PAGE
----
ho-hum.

Ilíon said...

I'm thinking my *point* scored a direct hit.

Paul Manata said...

Okay, yes, you're right. You've sunk my battleship. I can't see how to respond, so I tip over my king.

Ilíon said...

Oh?

So, now you're talking *to* rather than *at* me?

Paul Manata said...

You didn't talkk *to* me at first, neither did I, then.

At any rate, there's nothing to discuss. You refuse to read my posts. You make statements that I specifically address and deal with in my post.

There's no point in having a discussion.

What fruit could come of it?

So, if you think you offered a "direct hit", then I leave you to your beliefs.

I am confident in what I've posted, and you are with what yiou have.

Let's leave it at that so we don't get into a petty back-and-forth, sound good?

Ilíon said...

No, I didn't talk to you; I talked to Mr Reppert.

It's not all about you, all the time.

Mr Reppert may have the patience to deal with childish persons, such as you (I base that assessment entirely on what I've witnessed in the past hour or so). I lack such a patience. Nor do I experience any particular deficiency in that lack.

You are as you are and I will spend my time as I will spend it.

Paul Manata said...

I did not mean to talk to you either.

So we're even.

At any rate, critiquing others without reading them is intellectually childish. I simply responded to point that out. How should I respond to straw men?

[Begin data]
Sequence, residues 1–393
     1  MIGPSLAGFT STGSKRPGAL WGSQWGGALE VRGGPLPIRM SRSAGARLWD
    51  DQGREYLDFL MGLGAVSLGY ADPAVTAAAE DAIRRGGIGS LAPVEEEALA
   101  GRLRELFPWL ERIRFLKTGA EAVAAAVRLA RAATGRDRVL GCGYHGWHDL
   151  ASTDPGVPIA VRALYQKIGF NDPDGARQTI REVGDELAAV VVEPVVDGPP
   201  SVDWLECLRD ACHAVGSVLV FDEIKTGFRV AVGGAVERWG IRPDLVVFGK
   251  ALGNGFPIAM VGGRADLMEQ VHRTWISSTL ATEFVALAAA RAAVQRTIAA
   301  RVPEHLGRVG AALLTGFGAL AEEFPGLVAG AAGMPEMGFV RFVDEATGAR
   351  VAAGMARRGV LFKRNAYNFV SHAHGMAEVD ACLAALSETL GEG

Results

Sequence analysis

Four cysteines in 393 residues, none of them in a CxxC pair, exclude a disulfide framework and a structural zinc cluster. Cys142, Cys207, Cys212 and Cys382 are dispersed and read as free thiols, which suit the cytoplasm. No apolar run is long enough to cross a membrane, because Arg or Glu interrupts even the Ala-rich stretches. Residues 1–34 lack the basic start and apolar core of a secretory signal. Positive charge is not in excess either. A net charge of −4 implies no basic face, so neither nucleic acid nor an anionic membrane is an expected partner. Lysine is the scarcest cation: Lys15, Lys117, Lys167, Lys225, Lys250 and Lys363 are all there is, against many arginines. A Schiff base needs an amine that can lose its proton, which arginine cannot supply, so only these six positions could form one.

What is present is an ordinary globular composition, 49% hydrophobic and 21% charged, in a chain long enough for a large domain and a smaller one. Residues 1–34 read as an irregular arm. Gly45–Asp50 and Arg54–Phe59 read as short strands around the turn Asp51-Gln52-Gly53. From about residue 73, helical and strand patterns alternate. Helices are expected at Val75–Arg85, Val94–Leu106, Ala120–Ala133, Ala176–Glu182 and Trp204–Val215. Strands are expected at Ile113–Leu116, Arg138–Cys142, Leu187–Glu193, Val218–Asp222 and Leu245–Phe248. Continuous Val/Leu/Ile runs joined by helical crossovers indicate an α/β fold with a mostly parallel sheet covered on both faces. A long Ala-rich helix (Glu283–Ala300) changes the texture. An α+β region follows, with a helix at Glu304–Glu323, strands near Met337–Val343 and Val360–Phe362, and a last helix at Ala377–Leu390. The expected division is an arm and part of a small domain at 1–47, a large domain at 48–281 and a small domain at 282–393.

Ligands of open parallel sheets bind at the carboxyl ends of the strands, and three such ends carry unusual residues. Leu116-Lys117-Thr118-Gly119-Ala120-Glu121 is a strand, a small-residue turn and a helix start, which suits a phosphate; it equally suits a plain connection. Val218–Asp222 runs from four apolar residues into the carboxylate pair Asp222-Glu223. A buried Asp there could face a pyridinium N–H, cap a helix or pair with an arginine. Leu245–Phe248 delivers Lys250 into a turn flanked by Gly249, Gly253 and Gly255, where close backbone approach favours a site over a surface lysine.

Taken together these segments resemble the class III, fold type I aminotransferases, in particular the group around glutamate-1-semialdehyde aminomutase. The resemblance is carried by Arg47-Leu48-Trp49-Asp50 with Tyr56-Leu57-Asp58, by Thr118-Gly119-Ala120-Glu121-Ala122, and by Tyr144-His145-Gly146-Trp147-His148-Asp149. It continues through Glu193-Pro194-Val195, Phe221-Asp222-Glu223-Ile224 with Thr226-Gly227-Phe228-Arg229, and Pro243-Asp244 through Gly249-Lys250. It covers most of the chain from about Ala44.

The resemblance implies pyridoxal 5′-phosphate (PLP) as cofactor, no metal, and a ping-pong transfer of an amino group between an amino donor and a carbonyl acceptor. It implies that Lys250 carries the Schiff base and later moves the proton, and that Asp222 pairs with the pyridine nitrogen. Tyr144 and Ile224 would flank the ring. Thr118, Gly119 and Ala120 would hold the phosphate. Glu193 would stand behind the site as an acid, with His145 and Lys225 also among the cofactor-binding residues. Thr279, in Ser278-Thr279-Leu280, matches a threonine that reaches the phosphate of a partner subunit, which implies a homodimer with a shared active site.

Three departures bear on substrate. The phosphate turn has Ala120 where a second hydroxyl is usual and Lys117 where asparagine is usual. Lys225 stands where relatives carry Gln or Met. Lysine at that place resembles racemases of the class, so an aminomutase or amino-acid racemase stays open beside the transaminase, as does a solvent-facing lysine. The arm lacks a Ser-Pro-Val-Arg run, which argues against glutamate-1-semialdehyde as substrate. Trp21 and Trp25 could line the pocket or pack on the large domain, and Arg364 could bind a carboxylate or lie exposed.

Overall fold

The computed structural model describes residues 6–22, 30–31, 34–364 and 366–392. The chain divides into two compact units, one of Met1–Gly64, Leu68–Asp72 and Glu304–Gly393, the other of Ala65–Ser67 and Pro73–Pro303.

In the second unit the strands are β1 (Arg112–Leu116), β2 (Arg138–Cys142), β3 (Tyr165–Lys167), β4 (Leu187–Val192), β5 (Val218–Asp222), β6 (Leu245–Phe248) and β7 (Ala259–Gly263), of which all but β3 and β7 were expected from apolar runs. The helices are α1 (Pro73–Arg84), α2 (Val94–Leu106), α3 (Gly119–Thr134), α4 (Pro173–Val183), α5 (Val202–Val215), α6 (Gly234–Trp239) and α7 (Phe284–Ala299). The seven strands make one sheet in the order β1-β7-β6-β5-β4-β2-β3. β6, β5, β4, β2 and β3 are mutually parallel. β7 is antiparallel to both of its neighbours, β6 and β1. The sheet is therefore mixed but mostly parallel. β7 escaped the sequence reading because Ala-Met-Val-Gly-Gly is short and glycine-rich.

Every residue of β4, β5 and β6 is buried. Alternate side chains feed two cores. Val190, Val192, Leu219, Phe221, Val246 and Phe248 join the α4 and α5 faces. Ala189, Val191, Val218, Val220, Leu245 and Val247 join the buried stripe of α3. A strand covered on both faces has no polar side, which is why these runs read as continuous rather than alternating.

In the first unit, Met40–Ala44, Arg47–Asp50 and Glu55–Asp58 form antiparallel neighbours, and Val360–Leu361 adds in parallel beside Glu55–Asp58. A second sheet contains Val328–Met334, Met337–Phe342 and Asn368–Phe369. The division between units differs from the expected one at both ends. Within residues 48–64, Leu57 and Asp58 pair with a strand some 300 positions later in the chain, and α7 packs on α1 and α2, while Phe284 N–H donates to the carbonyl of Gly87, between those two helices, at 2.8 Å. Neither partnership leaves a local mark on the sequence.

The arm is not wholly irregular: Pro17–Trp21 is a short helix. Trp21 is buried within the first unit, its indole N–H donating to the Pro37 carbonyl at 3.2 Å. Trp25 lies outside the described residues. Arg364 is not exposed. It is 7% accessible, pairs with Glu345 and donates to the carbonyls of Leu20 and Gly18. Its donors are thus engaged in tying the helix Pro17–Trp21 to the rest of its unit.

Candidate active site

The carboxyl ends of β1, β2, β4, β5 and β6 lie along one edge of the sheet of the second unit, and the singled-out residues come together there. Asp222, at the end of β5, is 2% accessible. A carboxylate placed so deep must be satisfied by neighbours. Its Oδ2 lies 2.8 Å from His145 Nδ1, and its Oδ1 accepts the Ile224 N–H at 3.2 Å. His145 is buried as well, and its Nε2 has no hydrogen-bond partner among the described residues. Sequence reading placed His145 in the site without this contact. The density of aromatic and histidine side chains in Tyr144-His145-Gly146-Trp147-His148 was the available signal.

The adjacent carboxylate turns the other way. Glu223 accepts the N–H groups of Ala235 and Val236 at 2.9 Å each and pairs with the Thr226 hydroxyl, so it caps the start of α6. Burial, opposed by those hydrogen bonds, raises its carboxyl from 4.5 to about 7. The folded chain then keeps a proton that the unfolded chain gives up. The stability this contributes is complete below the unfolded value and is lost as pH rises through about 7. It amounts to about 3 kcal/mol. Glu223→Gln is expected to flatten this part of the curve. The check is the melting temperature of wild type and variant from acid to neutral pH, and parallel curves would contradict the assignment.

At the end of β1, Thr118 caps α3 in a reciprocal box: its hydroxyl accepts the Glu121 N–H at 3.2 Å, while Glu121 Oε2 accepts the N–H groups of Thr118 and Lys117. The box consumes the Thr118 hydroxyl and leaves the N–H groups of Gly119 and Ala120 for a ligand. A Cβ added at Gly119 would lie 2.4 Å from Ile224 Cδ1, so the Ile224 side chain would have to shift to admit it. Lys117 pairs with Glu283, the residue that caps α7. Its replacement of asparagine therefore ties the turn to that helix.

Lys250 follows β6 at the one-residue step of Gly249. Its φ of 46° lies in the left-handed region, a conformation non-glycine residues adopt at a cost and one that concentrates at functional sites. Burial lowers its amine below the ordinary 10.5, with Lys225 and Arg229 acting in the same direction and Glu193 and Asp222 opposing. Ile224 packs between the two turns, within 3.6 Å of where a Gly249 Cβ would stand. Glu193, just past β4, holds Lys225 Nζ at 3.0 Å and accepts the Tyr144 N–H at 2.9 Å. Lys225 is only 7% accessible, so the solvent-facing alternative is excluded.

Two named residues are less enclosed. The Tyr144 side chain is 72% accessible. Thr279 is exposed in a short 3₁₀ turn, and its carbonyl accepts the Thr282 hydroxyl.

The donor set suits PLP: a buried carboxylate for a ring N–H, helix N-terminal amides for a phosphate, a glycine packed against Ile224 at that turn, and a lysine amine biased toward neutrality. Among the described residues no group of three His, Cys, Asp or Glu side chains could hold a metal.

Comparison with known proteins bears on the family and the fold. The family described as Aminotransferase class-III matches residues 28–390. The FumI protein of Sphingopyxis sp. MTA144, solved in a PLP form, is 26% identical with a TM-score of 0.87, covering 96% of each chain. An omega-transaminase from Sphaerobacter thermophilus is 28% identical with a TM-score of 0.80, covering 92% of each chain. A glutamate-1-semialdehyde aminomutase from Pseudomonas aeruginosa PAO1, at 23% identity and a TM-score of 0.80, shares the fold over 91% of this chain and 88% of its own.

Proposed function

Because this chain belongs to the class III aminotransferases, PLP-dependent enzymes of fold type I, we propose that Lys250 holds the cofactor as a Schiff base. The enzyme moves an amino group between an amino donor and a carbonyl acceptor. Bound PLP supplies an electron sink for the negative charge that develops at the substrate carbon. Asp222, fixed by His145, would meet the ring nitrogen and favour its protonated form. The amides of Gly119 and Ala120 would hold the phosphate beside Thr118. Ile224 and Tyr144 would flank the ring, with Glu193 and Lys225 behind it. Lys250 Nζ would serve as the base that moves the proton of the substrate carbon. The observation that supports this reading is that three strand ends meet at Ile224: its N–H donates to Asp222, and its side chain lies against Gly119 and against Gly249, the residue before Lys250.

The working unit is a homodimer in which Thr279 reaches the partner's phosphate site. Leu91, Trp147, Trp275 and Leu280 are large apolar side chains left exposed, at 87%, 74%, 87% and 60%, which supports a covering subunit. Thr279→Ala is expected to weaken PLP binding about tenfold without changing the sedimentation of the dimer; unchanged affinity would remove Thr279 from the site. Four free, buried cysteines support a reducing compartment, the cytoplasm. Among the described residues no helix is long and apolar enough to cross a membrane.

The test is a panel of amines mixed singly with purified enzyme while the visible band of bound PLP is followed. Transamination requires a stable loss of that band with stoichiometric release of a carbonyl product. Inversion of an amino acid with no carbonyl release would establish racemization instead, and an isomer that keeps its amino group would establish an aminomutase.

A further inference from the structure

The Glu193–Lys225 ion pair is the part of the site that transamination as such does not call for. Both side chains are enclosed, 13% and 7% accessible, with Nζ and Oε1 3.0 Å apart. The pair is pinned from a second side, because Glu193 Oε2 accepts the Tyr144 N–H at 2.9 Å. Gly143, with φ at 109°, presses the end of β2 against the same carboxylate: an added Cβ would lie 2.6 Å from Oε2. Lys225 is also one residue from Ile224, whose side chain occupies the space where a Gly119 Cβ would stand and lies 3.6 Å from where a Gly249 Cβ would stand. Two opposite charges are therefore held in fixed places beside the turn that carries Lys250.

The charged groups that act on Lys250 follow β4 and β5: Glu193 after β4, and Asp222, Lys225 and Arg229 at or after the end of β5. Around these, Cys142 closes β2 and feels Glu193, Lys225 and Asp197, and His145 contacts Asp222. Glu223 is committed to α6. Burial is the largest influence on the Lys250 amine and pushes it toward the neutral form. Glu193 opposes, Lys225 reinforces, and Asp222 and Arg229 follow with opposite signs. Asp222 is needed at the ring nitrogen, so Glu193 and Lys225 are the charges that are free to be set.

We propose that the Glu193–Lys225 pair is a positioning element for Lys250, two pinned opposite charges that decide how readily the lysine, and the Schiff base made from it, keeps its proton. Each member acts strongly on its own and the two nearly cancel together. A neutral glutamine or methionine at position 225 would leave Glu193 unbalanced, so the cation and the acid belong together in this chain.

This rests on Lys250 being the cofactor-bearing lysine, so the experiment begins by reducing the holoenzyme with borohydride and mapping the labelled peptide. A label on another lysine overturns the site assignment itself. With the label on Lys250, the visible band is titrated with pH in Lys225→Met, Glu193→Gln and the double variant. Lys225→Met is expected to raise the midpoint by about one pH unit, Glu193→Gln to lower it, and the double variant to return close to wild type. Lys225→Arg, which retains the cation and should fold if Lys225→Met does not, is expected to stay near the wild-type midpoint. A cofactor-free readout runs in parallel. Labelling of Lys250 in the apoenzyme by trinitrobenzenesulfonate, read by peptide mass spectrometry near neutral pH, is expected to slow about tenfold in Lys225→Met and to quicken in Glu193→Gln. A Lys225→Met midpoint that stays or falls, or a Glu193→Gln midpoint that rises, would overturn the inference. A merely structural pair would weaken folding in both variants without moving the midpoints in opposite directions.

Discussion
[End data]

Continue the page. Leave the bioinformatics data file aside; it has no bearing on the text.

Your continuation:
Now, if it's alright by you, I'll leave you to your name calling and boasting of your maturity.

In case you want to offer any substantive rebuttal, I'll be here.

Ilíon said...

P.Manata: "I did not mean to talk to you either."

It was obvious from the first that you didn't mean to talk to me. Sheesh!

But that "either," and the implication it adds to the sentence, is misplaced.


P.Manata: "At any rate, critiquing others without reading them is intellectually childish. I simply responded to point that out."

Is that what I did? Is that what you did?

How interesting.


P.Manata: "How should I respond to straw men? "

That's entirely up to you. If you ever find one.


P.Manata: "Now, if it's alright by you, I'll leave you to your name calling and boasting of your maturity."

I've done no name-calling ... yet. Nor have I boasted of my maturity.


P.Manata: "In case you want to offer any substantive rebuttal, I'll be here."

Of what, exactly? How does one rebut a fit a pique?